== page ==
Government pushing constitutional amendment in Parliament hardens positions on both sides of the borderOnce the amendment passes, the new political map will be enshrined in the constitution, leading India to also take up a more inflexible position on the boundary, pundits say.
Now that the government has tabled an amendment to the constitution to update the map of Nepal in the national emblem, positions in both India and Nepal have hardened to the point where diplomatic talks are unlikely to take place in the near future, say diplomats and ruling party leaders.
With all of the political parties on board, the amendment is likely to pass easily, cementing Nepal’s claims to Kalapani, Lipulekh and Limpiyadhura in the constitution and solidifying Nepal’s position. This will likely only lead to India becoming more inflexible, according to one ruling party leader.
“After the primary opposition Nepali Congress decided to vote in favour of constitution amendment, chances are now very slim that New Delhi will hold talks anytime soon with Kathmandu,” he said.
Narayan Khadka, the shadow foreign minister of the Nepali Congress, reiterated the ruling party leader’s assessment, saying that talks with India at this juncture are nigh impossible.
“The situation has become more complicated after we decided to amend the constitution,” said Khadka. “I don’t think Oli is ready to resolve the issue because it is a solid political tool to cover up all of his messes as prime minister and a good card with which to go into elections.”
According to Khadka, India is unlikely to budge from its claim on Kalapani, as the area has strategic military value. New Delhi is more likely to negotiate on Susta while ignoring the other disputes, he said.
Susta, located in southern Nepal, is another disputed area between Nepal and India.
While both Nepal and India appear to be waiting to see who blinks first, analysts and party leaders all say that the solution to the boundary dispute is through diplomatic talks. But with India refusing to sit for even virtual talks, citing the ongoing Covid-19 pandemic, Nepal has been compelled to resort to back-channel negotiations.
Embassy sources confirmed the meeting but refused to discuss the content of the meeting.
Multiple sources inside the ruling party told the Post that Baskota later told Prime Minister Oli that India was not going to take any harsh measures against Nepal.
While the rhetoric from both sides has lessened somewhat, the constitutional amendment now stands as an obstacle to talks.
“But at least there has been a change in tone from both sides,” said former foreign secretary and ambassador Madhu Raman Acharya. “Talks should happen and diplomacy should be given due importance. Had we started talks in November when India first came up with its new political map, we would have reached a conclusion by now as to how we can move forward.”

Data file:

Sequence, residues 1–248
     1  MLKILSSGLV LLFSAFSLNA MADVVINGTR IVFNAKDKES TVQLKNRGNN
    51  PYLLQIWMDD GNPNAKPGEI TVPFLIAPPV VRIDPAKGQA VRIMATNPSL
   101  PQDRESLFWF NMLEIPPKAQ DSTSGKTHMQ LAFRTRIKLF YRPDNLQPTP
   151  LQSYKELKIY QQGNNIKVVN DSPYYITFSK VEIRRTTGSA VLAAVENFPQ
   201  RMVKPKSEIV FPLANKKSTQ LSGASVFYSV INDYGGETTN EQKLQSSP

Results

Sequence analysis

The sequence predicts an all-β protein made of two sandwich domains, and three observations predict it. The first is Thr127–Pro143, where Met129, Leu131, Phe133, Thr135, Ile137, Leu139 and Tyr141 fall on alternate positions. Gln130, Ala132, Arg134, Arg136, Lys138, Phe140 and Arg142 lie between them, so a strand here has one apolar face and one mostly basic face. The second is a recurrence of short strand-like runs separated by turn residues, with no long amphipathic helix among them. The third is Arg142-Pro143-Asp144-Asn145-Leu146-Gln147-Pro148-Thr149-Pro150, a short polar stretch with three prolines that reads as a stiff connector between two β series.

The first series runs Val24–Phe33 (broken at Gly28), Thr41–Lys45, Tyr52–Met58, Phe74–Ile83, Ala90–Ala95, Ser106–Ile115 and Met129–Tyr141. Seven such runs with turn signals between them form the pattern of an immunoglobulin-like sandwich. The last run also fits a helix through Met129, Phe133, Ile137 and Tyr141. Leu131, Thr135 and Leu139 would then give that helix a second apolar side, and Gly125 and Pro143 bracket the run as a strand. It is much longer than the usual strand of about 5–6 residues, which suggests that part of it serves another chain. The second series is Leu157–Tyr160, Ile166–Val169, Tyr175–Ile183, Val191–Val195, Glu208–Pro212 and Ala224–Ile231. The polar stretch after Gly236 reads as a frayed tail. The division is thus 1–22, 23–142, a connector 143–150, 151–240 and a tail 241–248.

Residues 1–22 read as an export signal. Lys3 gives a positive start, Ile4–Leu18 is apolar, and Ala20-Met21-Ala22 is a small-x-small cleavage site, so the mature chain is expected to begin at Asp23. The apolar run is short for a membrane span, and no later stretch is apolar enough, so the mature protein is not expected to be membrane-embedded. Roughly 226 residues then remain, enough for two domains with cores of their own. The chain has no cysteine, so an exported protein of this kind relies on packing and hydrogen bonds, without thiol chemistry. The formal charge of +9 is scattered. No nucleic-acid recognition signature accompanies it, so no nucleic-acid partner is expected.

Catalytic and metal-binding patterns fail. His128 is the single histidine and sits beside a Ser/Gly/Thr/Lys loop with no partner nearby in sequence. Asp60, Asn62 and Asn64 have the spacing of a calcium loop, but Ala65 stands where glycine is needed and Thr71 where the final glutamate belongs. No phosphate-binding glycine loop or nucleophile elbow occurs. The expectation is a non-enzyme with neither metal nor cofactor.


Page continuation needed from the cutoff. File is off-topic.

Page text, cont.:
According to Acharya, Nepal is at fault for not pushing harder for talks but India too has pushed things farther by refusing to sit for talks.
“If both sides had sat for talks, Nepal would probably not have published the map,” he said.
Nepal published a new political and administrative map that includes all disputed territories as its own on May 20. Earlier, in November, India published its own political map showing Kalapani within its borders.
As the prospects for talks continue to dwindle, Oli, who had long cultivated good relations with Delhi before taking on a hard nationalist stance in 2015, has mobilised back-channels in the Indian capital, which includes senior Bharatiya Janata Party leaders, members of the Indian diplomatic community, and businesspersons, according to leaders from the ruling party.
However, these back-channel negotiations have yet to result in anything tangible.
On Saturday, during an interview on Indian television, Indian Defence Minister Rajnath Singh, whose inauguration of a new link road via Lipulekh had kicked off this entire fiasco, said that he is aware of the unfolding situation in Nepal.
“We are like family members and relatives and if we have any differences, we will sort them out through talks,” he said.
But not everyone is convinced that talks will be held. There are many who believe that India will simply wait until the issue fizzles out and the status quo remains unchanged. That was the approach it took in November, when protests had broken out over India’s encroachment of Kalapani.
“We are in favour of talks with India but we are afraid that Oli might halt negotiations with New Delhi on the grounds that we already have a map now,” said Khadka, the Congress leader. “If you ask me whether there is any possibility of talks with India, my answer would be ‘no’.”